Australia’s Total Solar Eclipse

This year’s total eclipse of the Sun took place on Nov. 14 and was visible from Queensland, Australia (see the NASA Eclipse Web Site for details).

Gary Spears and I led a tour of 40 people to Australia (Spears Travel – Australia 2012) for the big event. We spent three nights in Sydney visiting the amazing Opera House and day tripping to Featherdale Zoo and the Blue Mountains. My wife Pat checked off a bucket-list item by climbing the Sydney Harbor Bridge with Gary’s son Austin.

After Sydney, we flew to a Cairns and bused to Kuranda for two nights camping in Amaroo. The camp was set up by Amaroo owners Don and Judy Freeman and featured comfortable porta-johns (with showers!) and some lavish meals in the mess tent.

Spears Travel 2012 Eclipse Tour

Members of the Spears Travel 2012 Australian Eclipse Tour pose for a celebratory group shot after witnessing totality from Kuranda, Australia.

The day before the eclipse was mostly cloudy with frequent showers. This made it difficult for me to assemble my two equatorial telescope mounts and nine cameras so I worked mostly in the tent. At the nearby observing site, I polar aligned the two mounts using an angle finder and compass while taking into account the magnetic deviation of true north. The mounts then had to be covered in plastic to protect them from the rain.

On eclipse morning, we awoke to heavy clouds and more intermittent showers. Nevertheless, I hauled the rest of my equipment to the observing site. Everything had to be kept under plastic as occasional showers continued during the partial phases that began shortly after sunrise.

We caught our first view of the Sun just two minutes before totality began as a thin crescent appeared in a hole. I realized there was no time to acquire the Sun with my telescope so I powered up the video camera instead. The Sun disappeared from view once more, only a minute before totality. I could see the cloud covered sky growing dark as the Moon’s shadow approached from the west. Suddenly, the light faded and totality began.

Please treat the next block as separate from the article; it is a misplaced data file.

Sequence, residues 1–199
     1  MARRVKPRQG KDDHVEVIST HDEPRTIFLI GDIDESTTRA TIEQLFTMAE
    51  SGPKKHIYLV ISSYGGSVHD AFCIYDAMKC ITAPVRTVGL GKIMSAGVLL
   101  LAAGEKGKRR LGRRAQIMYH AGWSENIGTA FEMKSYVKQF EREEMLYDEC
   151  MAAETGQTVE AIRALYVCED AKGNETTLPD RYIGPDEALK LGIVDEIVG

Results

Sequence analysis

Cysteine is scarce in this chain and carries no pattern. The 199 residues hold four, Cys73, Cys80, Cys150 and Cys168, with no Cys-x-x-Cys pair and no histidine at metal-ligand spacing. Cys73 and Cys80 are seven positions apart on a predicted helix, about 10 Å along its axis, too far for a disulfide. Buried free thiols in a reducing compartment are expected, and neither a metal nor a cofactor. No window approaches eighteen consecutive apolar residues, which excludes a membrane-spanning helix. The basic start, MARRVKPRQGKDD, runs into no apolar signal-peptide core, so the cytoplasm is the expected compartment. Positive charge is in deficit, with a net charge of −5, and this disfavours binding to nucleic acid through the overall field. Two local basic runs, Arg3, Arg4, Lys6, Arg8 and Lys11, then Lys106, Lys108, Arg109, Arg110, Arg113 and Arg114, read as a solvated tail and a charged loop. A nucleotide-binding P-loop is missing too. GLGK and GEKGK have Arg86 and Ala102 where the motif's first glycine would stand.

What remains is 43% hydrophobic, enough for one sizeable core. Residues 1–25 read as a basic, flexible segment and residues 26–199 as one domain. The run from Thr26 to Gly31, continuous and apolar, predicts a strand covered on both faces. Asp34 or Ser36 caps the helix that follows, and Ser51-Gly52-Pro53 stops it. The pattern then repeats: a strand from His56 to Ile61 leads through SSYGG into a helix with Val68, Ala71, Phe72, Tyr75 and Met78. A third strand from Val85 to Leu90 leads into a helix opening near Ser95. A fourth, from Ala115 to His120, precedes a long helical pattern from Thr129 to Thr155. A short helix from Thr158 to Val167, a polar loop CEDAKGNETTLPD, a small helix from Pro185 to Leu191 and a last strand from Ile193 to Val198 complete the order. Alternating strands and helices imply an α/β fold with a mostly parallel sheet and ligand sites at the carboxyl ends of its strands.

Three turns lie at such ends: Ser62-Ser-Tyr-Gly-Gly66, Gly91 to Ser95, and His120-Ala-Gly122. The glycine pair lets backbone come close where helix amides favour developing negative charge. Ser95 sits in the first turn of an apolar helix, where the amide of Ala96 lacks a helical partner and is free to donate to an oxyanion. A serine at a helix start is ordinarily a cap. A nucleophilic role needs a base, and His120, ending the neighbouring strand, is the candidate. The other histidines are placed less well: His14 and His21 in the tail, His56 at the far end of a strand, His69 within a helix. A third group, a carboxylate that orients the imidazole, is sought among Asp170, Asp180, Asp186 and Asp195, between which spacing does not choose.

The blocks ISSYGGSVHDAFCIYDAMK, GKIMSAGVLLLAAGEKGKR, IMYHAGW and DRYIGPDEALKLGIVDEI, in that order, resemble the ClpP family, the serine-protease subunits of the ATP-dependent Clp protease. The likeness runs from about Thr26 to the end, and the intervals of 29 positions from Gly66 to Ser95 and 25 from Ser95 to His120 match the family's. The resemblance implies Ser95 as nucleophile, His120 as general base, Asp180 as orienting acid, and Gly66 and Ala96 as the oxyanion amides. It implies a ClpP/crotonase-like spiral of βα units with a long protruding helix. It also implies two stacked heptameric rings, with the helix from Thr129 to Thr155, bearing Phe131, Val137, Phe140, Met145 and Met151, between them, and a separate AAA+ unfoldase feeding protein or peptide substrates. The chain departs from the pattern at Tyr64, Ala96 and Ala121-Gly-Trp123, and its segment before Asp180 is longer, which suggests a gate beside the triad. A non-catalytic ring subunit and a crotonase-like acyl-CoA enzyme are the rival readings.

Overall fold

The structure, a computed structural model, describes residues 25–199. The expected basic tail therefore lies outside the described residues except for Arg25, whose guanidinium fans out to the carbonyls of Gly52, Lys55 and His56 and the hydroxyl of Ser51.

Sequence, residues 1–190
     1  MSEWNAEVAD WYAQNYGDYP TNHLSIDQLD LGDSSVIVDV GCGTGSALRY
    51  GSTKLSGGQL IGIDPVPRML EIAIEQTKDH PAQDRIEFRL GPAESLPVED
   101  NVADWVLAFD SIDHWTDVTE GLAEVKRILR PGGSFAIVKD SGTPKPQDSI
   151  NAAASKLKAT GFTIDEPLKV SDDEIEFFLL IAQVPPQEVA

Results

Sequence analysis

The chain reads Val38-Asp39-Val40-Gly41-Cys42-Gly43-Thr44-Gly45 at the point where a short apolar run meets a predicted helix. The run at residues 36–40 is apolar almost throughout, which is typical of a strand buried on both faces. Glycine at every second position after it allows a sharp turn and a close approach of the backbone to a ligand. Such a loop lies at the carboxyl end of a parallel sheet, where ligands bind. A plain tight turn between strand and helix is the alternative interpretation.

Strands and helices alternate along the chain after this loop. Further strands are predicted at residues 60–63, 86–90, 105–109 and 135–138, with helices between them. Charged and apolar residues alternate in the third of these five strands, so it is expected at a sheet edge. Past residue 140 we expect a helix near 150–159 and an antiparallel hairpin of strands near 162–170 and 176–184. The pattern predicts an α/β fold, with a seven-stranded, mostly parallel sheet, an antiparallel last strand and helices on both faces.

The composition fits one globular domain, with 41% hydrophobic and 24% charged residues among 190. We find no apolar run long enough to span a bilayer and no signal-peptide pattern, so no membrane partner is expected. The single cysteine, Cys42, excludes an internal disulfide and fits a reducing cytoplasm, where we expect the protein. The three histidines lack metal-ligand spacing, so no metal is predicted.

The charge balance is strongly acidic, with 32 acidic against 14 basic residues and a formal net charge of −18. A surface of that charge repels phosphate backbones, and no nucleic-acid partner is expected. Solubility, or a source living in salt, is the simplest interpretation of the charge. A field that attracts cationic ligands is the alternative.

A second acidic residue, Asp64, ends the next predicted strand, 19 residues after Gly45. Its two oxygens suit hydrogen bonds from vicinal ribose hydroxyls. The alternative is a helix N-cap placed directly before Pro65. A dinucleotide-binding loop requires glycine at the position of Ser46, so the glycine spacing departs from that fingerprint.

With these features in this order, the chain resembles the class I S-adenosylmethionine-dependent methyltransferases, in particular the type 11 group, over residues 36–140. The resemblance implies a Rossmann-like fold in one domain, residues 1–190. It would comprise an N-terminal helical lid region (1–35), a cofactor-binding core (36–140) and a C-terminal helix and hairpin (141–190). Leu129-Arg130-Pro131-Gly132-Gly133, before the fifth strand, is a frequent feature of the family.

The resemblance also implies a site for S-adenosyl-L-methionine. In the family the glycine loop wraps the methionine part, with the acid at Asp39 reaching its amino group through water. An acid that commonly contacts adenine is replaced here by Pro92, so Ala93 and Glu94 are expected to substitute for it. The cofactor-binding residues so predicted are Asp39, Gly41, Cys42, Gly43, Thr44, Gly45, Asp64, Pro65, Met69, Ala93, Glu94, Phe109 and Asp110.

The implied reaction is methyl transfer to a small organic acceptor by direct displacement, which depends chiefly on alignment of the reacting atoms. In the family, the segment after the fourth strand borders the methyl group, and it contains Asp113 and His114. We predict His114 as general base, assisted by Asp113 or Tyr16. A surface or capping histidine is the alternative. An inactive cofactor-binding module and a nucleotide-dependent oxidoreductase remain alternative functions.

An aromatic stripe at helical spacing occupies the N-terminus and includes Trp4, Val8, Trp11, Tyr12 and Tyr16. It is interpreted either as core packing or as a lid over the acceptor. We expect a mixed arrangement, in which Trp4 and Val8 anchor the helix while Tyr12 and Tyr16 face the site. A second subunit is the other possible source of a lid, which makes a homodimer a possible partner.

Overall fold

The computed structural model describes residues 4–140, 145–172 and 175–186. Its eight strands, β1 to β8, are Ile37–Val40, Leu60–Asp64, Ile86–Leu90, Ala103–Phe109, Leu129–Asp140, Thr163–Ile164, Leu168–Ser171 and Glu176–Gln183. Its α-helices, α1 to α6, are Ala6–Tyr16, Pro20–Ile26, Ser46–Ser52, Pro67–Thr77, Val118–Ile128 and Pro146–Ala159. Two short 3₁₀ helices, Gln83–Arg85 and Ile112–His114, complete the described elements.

The anxious eyes of 1000+ people in Amaroo searched the clouds for some glimpse of the total eclipse. Fortunately, a hole opened up and we managed to see about 45 seconds of corona and chromosphere. My friend Andy Steinbrecher gave a running commentary of the rewarding views through a pair of image stabilized binoculars. I continued shooting video but was unable to execute my coronal imaging program which requires clear sky during totality. (For example, see 2006 Eclipse – Corona Composites)

About 30 seconds before totality ended, the eclipsed Sun disappeared back into the clouds. I knew when 3rd contact occurred because the sky quickly brightened as totality ended.

2012 Total Solar Eclipse from Fred Espenak on Vimeo.

Although I was initially disappointed, I realized that most of the folks in our group were thrilled to have seen something of totality so it wasn’t a complete cloud-out like Quebec (1972) or South Africa (2002).

This was my 24th total solar eclipse. I am already planning for next year’s total eclipse in Kenya (Spears Travel – Kenya 2013) and an annular solar eclipse back in Australia (Melitatrips – 2013 Australia). Visit Solar Eclipse Preview on my MrEclipse Website for a look at upcoming eclipses.

Fred Espenak

2012 Total Solar Eclipse

Espenak shot the 2012 Total Solar Eclipse with an automated camera from Kuranda, Australia.

Comet ISON Discovered